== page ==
IIf there’s one thing Emma Raducanu’s career has unequivocally validated since her US Open triumph, it’s how difficult it is to be a professional tennis player. The physical strain is significant each week, injury problems are so common that few players ever function at 100% and only the strongest retain their place at the top.
Right now, as expected, Raducanu has a long way to go. Last week in Prague her latest injury problems were blisters on her foot. A summary of how she’s fared since the US Open is largely a long list of such setbacks. She suffered an illness at her final tournaments in 2021, her break from the season was canceled out by Covid, blisters on her hand forced her to do her one-handed backhand slices at the Australian Open, in February she had to give up in Monterrey after a hip injury In Indian Wells an injury followed and a stiff back.
These are predictable obstacles for a player trying to handle the physical demands of top-level despite having barely competed in lower-level ITF tournaments, but they’re also a common theme in Raducanu’s young career. One of the reasons the 19-year-old had competed in so few events compared to her peers even before last year was because injuries kept her sidelined.
Back at Wimbledon, Raducanu touted the numerous minor injuries she had sustained which meant she could watch from the sidelines as her peers climbed the rankings much faster than them. She described herself as a player who was “always held back by something.” Even as a Grand Slam title winner, that hasn’t stopped yet.
“She’s young, she hasn’t had a full year of touring yet,” said Anne Keothavong, the captain of Britain’s Billie Jean King Cup team in the Czech Republic. “For any young player who’s out there for the first time, what she’s achieved has been extraordinary.
“It takes time to adjust to life on the tour and become more robust. It definitely needs to be more robust. That’s no secret. She knows that. She’s working on it.”
Still, there is plenty of optimism. In Prague, for example, Raducanu overcame No. 50 Tereza Martincová 7-5, 7-5 to claim his first win in a clay-court game. While frustration seemed to have taken its toll earlier in the year, Raducanu and her teammates seemed to be genuinely enjoying the team atmosphere, and even if the quality lacks compared to other nations, Keothavong has helped cultivate a positive vibe.
That’s the nature of the tour, it doesn’t stop for anyone. Raducanu flew straight to Stuttgart for the Porsche Tennis Grand Prix, one of the toughest WTA events of the season, in the morning. The tournament features seven of the top nine players. Although it remains to be seen how her footing will hold up, Raducanu was in the draw on Sunday.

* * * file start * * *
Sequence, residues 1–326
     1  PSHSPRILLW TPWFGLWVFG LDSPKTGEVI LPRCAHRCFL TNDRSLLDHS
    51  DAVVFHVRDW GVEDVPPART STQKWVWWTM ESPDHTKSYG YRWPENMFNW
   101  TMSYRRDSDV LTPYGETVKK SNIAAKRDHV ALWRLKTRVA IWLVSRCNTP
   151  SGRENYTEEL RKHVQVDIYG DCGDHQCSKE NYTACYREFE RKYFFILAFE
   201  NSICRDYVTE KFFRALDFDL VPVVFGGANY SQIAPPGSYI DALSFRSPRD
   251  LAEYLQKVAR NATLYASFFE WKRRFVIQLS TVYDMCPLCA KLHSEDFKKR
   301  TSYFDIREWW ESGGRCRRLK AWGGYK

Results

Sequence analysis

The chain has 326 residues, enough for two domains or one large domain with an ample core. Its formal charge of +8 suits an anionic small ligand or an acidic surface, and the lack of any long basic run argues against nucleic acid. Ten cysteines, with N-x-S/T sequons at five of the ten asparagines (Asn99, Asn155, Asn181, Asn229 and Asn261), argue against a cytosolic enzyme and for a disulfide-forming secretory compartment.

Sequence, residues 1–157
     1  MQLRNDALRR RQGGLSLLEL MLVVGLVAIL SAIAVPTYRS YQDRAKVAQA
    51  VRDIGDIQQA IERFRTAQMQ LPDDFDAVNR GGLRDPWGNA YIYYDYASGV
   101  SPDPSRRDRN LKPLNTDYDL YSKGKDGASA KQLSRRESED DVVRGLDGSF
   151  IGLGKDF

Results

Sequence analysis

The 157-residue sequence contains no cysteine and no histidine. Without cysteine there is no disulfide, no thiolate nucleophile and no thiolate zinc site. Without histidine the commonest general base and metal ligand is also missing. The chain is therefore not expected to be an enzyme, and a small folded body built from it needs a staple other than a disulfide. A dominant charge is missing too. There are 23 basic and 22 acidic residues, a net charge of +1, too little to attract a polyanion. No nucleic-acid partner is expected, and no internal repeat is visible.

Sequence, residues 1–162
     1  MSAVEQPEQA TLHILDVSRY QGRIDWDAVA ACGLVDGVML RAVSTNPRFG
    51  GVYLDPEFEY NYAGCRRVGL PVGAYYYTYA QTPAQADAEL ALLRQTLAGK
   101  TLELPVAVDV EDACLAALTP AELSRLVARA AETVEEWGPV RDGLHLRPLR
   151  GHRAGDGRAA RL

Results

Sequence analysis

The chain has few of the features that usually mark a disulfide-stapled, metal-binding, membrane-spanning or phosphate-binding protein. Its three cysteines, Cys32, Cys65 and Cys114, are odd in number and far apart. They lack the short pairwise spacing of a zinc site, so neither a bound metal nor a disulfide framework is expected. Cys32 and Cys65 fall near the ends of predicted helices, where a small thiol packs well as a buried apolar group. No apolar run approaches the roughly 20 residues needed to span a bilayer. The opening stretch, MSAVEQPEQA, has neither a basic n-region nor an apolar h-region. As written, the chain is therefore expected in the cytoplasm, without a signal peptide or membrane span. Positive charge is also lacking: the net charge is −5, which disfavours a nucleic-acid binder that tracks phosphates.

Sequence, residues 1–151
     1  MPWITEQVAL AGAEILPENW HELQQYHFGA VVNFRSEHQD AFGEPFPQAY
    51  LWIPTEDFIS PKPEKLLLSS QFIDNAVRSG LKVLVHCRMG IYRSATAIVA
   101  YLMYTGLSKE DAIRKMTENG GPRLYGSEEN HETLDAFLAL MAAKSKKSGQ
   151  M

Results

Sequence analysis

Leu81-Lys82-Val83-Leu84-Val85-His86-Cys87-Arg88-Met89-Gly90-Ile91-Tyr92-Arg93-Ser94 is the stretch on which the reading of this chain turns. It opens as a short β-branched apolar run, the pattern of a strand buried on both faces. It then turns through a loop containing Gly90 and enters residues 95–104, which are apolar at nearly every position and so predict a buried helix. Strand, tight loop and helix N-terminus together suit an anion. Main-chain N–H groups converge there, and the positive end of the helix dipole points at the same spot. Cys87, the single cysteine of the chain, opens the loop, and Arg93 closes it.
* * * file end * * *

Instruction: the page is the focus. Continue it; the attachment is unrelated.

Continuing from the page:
Last week was also notable for the absence of the Russian and Belarusian teams, with the former team being the defending Billie Jean King Cup champions. As the tour continues to draw to a close, talks are still ongoing over whether the large contingent of Russian and Belarusian players will be allowed to compete at Wimbledon, Lawn Tennis Association chief executive Scott Lloyd said in Prague.
“Discussions are ongoing with the government and their counterparts in other countries,” Lloyd said. “There is no fixed position. The government has provided guidance to all sports on how we should try to tackle some of these challenges, ranging from a total ban to very robust declarations on behalf of individuals.
“We must try to work through what the impact and implications of trying to implement these guidelines are.
“We are currently working very closely with the All England Club on this day in, day out.”
Players potentially affected include US Open champion Daniil Medvedev, two-time Major champion Victoria Azarenka, Aryna Sabalenka and Andrey Rublev, all of whom are currently competing as neutrals. Unlike other sports in Russia, the best tennis players employ their own individual teams, live abroad and are not funded by the Russian or Belarusian state.
“It’s an enormously complex situation,” Lloyd said. “I think we can all agree if we find the actions we see in our newspapers and TV screens, it’s absolutely abhorrent. The truth is the talks are ongoing, we’re in very close dialogue with the All England Club, the government, with the tours. We are very aware of public opinion in this area. We’re trying to steer how that has to look at the summer events in the UK this year.”